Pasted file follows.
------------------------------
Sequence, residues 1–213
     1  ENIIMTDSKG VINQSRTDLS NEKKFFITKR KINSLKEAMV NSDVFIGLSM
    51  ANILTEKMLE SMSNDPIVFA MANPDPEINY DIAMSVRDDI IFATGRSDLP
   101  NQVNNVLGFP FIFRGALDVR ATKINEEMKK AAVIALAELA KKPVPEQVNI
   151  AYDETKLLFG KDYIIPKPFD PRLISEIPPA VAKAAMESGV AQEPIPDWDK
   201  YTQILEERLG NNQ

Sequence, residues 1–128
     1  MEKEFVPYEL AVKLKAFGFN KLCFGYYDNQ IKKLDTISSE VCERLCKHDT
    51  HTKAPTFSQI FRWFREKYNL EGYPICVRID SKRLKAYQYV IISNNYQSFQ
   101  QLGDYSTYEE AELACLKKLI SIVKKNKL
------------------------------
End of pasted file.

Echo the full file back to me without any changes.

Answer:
Sequence, residues 1–213
     1  ENIIMTDSKG VINQSRTDLS NEKKFFITKR KINSLKEAMV NSDVFIGLSM
    51  ANILTEKMLE SMSNDPIVFA MANPDPEINY DIAMSVRDDI IFATGRSDLP
   101  NQVNNVLGFP FIFRGALDVR ATKINEEMKK AAVIALAELA KKPVPEQVNI
   151  AYDETKLLFG KDYIIPKPFD PRLISEIPPA VAKAAMESGV AQEPIPDWDK
   201  YTQILEERLG NNQ

Sequence, residues 1–128
     1  MEKEFVPYEL AVKLKAFGFN KLCFGYYDNQ IKKLDTISSE VCERLCKHDT
    51  HTKAPTFSQI FRWFREKYNL EGYPICVRID SKRLKAYQYV IISNNYQSFQ
   101  QLGDYSTYEE AELACLKKLI SIVKKNKL